Moxie Theatre, 6663 El Cajon Boulevard, Suite N, Rolando
$20 - $40
In 1995, Crumbs was Lynn Nottage’s breakout play. She went on to write Intimate Apparel (2003) and the Pulitzer Prize-winning Ruined (2007).
Moxie Theatre’s fine production has breakout written all over it as well. Under Delicia Turner Sonnenberg’s outstanding direction, every cast member performs in new and expanded ways.
Maybe “breakout” isn’t the right word. Maybe the actors finally got the chance to do what’s been there all along.
Like Cashae Monya. In the last few years, she’s appeared in several shows: in supporting roles, with a major contribution to Moxie’s The Bluest Eye. The second she comes on stage in Crumbs, it’s ker-wham!!! She ignites it.
Monya excels as Lily Ann Green, sashaying, street-smart African-American fireball, known throughout Harlem for touting revolution and refusing to kowtow. Lily isn’t larger than life, but in Monya’s gifted, “breakout” performance, she’s about as large as life gets.
Monya’s just as expressive with Lily’s secret self. She’s come to the Crump’s basement apartment in Brooklyn to help her late sister’s husband, Godfrey, care for his daughters, Ernestine and Ermina. Lily dresses uptown to the max (fine costumes by Jennifer Brawn Gittings) but may be down on her luck — takes four bites to eat a sandwich — and needs the gig.
And she has more than eyes for Godfrey, emotionally rudderless since he moved the children north from Pensacola. Even though he “purged his life of passion,” after his wife died, Lily harbors hope.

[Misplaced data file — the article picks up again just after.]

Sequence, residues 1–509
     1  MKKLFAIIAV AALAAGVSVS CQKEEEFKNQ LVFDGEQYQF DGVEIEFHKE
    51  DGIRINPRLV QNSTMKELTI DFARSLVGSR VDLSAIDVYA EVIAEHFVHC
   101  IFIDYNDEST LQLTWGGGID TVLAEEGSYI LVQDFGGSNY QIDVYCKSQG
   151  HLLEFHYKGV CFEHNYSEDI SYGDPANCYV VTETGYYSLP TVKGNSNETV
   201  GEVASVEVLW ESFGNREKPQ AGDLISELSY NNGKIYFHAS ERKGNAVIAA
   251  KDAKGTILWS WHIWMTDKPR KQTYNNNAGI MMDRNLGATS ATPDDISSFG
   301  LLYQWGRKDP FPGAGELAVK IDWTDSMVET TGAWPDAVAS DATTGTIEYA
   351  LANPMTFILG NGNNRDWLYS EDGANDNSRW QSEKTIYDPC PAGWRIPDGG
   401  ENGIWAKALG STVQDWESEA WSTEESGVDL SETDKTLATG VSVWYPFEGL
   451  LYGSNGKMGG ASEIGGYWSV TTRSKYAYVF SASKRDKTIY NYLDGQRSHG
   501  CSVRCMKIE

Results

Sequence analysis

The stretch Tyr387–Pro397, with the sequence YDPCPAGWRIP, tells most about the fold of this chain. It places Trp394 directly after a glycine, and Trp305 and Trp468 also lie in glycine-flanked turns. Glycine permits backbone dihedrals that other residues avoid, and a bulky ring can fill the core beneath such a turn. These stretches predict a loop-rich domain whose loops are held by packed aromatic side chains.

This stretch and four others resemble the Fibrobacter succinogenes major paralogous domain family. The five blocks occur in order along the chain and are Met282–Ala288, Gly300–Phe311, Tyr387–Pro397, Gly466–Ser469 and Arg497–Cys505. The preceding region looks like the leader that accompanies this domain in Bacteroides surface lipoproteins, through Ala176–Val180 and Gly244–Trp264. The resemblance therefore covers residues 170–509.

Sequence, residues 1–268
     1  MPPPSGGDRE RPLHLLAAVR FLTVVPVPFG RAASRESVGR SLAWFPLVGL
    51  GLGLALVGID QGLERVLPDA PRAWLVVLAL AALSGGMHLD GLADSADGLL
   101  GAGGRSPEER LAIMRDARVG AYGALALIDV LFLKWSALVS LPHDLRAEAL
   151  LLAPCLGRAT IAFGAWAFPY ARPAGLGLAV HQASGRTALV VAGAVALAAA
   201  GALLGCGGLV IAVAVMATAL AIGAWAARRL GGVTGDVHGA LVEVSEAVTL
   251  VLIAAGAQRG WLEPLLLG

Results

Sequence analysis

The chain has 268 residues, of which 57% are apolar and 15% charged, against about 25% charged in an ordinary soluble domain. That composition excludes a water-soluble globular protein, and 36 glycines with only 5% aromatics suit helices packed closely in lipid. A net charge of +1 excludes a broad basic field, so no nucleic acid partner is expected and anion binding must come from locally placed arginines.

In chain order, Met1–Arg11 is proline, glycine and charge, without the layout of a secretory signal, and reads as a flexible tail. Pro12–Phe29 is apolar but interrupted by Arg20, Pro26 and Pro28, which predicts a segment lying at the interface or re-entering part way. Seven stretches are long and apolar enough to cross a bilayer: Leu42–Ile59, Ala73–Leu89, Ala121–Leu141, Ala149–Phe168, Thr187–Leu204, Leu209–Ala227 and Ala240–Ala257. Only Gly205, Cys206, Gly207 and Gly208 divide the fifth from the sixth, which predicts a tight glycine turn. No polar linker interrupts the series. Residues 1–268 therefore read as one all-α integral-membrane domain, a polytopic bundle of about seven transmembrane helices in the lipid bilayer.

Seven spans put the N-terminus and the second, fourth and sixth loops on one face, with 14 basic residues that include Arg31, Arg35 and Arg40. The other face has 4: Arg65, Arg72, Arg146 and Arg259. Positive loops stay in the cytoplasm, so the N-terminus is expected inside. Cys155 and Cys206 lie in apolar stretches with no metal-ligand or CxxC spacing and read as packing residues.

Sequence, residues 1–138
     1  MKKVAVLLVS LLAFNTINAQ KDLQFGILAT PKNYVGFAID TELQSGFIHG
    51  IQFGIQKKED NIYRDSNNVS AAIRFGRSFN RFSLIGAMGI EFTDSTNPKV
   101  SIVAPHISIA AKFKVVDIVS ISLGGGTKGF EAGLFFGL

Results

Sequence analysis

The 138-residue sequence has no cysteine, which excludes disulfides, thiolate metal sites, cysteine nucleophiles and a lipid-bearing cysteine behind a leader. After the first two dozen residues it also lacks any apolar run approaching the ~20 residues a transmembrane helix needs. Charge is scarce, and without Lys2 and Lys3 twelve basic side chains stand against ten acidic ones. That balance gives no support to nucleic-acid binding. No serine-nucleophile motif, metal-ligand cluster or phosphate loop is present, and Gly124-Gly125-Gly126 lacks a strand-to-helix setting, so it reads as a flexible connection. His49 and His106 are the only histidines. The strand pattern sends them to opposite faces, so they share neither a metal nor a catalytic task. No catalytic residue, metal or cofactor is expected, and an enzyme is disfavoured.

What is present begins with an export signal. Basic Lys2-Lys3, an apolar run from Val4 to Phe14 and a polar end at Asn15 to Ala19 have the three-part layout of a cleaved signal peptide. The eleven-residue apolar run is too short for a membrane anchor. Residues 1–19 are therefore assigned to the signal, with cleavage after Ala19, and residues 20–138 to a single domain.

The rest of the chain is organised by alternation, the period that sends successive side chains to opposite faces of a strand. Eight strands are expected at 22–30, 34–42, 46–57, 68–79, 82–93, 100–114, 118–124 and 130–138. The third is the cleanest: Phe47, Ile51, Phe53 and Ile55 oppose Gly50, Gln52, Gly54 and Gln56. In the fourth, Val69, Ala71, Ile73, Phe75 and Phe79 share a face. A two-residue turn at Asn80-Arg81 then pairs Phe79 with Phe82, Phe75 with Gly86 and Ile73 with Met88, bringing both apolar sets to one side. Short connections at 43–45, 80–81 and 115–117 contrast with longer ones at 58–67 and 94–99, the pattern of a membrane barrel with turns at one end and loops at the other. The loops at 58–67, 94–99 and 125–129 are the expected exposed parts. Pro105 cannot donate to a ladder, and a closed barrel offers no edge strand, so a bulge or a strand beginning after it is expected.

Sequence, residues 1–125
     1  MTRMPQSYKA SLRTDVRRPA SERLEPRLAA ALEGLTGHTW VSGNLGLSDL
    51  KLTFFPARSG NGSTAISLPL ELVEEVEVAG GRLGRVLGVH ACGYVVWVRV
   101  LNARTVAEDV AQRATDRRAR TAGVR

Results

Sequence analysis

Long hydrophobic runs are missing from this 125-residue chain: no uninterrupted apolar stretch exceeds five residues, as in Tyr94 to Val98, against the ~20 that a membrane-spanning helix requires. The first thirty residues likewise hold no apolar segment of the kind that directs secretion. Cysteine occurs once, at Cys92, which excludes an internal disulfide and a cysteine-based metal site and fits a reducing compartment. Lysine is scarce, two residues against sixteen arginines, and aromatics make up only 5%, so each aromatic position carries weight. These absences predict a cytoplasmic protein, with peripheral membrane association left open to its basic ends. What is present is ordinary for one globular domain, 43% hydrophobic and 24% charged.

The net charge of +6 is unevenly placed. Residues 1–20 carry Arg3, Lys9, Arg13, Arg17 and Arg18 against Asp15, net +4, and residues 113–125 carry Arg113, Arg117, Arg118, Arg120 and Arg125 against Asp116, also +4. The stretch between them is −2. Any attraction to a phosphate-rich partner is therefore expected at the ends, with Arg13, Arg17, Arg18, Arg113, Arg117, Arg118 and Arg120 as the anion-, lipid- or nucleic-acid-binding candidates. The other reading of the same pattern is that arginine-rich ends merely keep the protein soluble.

Godfrey is a living ache. He’s all questions — presented in a burst of theatricality at Moxie — no answers. Vimel Sephus doesn’t break out as Godfrey. He breaks down another wall and once again shows his versatility as an actor.
Deja Fields and Jada Temple, as Ermina and Ernestine, break into the big time and fit right in. Fields is a Junior, and Temple a Senior at the San Diego School of Creative and Performing Arts: the same ages as their characters.
Like Tom in The Glass Menagerie, Ernestine narrates Nottage’s memory play. She looks back on 1950 from the future. Every word, and the conflicts inside Ernestine, convinces.
For much of the first act, Crumbs has a simple opposition: Ernestine recalls her father and Lily, like good and evil angels, battling for her soul. It’s a simple, even facile opposition. Then Nottage shoots a diagonal across her canvas. Godfrey falls in love with Gerte, a German immigrant who’s no stranger to hardship (it’s bad enough she’s white, says one of the daughters, but “German too?”).
Another question-raiser: breakout or the chance to show a different side? Jennifer Eve Thorn wears no make-up, a boxy dress, hair a-frazzle and plays poor Gerte with all her heart. Even her awkward movements suggest a strange “other” amid a family labeled as same. And to offset them, Thorn occasionally flips into fantasy mode and shines like a movie icon.
These imaginative leaps jibe with one of the play’s themes. The French dramatist August Villiers de L’Isle-Adam was famous for having a character say, “Living? Our servants will do that for us.” Posters from movies deck the walls of Tim Nottage’s detailed set (posters in 1950; collector’s treasures today). And until Godfrey returns to life, his smothered daughters could say, living? Hollywood stars must do it for us.